EEWE has been set, the CPU is halted for two cycles before the next instruction is
executed.
Bit 0 EERE: EEPROM Read Enable
The EEPROM Read Enable Signal EERE is the read strobe to the EEPROM. When the
correct address is set up in the EEAR Register, the EERE bit must be written to a logic
one to trigger the EEPROM read. The EEPROM read access takes one instruction, and
the requested data is available immediately. When the EEPROM is read, the CPU is
halted for four cycles before the next instruction is executed.
The user should poll the EEWE bit before starting the read operation. If a write operation
is in progress, it is neither possible to read the EEPROM, nor to change the EEAR
Register.
The calibrated Oscillator is used to time the EEPROM accesses. Table 2 lists the typical
programming time for EEPROM access from the CPU.
Table 2. EEPROM Programming Time
Symbol
Number of Calibrated
RC Oscillator Cycles Typical Programming Time
EEPROM write (from CPU) 27,072 3.4 ms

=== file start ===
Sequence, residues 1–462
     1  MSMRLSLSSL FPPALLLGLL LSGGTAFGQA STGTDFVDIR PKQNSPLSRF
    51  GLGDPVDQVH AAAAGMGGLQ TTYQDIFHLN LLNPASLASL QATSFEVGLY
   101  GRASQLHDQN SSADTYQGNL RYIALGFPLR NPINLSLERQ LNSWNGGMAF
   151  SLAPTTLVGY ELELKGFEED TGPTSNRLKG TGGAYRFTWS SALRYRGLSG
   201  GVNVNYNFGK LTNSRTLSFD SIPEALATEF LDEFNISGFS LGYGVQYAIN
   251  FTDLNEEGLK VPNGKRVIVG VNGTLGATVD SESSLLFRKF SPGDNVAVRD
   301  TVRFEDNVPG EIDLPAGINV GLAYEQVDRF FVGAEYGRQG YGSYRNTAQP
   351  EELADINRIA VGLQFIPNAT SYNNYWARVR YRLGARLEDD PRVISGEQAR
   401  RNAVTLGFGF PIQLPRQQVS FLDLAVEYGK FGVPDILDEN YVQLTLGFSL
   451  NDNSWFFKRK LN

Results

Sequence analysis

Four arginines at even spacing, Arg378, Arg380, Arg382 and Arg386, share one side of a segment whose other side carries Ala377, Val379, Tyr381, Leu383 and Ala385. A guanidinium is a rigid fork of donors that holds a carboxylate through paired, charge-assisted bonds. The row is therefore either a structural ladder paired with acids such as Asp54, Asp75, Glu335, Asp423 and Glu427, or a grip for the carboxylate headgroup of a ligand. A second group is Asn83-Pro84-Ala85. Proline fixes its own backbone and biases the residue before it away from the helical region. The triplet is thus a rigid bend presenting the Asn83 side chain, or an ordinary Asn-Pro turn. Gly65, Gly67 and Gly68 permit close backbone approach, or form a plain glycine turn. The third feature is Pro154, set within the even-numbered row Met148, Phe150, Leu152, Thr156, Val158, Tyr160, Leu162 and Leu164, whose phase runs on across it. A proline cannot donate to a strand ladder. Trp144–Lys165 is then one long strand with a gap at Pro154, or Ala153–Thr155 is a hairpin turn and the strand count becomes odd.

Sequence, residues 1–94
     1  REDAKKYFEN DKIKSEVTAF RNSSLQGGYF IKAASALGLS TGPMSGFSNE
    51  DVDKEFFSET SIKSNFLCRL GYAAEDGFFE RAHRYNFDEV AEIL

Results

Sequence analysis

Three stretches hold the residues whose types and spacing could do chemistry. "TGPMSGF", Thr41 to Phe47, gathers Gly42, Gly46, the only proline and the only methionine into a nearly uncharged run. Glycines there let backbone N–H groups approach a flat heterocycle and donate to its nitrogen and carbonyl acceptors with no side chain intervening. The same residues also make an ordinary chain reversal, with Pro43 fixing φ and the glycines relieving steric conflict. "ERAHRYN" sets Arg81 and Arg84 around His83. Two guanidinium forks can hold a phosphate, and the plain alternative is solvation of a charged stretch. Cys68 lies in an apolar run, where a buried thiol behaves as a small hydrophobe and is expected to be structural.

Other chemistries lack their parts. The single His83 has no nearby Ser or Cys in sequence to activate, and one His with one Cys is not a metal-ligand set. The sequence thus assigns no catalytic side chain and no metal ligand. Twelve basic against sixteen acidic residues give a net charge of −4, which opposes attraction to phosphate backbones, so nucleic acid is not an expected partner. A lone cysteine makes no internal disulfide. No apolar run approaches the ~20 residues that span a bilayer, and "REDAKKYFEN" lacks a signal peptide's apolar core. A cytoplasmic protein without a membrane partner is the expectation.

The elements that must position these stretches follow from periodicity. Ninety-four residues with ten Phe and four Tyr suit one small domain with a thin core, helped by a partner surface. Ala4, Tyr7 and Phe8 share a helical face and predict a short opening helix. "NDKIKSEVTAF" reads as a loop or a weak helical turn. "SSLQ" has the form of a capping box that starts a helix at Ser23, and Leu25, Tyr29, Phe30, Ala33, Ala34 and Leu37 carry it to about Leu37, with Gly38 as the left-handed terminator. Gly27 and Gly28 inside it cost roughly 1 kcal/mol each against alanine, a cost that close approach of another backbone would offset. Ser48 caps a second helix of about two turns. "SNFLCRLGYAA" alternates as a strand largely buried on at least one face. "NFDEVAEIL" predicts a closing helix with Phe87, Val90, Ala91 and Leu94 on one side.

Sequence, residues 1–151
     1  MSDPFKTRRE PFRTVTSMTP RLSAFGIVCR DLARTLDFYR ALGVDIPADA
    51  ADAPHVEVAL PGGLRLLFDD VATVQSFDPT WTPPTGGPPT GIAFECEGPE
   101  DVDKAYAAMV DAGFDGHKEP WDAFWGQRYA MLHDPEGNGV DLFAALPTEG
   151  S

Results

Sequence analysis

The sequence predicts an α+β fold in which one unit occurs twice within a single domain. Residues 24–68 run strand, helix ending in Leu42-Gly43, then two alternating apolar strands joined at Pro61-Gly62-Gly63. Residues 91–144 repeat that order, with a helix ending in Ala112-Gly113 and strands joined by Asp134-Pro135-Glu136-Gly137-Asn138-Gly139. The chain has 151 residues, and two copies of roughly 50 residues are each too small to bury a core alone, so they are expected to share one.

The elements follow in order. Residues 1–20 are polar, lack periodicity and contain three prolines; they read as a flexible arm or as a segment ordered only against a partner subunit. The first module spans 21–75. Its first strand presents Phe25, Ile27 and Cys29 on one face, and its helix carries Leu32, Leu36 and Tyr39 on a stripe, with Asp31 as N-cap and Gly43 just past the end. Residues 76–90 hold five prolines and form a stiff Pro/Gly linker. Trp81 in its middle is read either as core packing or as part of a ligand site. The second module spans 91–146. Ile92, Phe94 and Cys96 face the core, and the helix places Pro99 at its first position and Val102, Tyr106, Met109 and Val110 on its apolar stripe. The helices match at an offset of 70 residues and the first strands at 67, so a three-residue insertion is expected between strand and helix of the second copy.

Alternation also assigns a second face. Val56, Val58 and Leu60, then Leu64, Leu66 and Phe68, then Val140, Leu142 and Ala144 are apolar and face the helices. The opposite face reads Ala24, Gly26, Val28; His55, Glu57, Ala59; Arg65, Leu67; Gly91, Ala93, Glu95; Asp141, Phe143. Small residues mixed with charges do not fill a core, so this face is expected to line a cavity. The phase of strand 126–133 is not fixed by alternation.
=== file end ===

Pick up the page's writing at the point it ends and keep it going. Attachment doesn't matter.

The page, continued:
22 ATmega325/3250/645/6450
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The following code examples show one assembly and one C function for writing to the
EEPROM. The examples assume that interrupts are controlled (e.g. by disabling inter-
rupts globally) so that no interrupts will occur during execution of these functions. The
examples also assume that no Flash Boot Loader is present in the software. If such
code is present, the EEPROM write function must also wait for any ongoing SPM com-
mand to finish.
The next code examples show assembly and C functions for reading the EEPROM. The
examples assume that interrupts are controlled so that no interrupts will occur during
execution of these functions.
Assembly Code Example
EEPROM_write:
; Wait for completion of previous write
sbic EECR,EEWE
rjmp EEPROM_write
; Set up address (r18:r17) in address register
out EEARH, r18
out EEARL, r17
; Write data (r16) to Data Register
out EEDR,r16
; Write logical one to EEMWE
sbi EECR,EEMWE
; Start eeprom write by setting EEWE
sbi EECR,EEWE
ret
C Code Example
void EEPROM_write(unsigned int uiAddress, unsigned char ucData)
{
/* Wait for completion of previous write */
while(EECR & (1<<EEWE))
;
/* Set up address and Data Registers */
EEAR = uiAddress;
EEDR = ucData;
/* Write logical one to EEMWE */
EECR |= (1<<EEMWE);
/* Start eeprom write by setting EEWE */
EECR |= (1<<EEWE);
}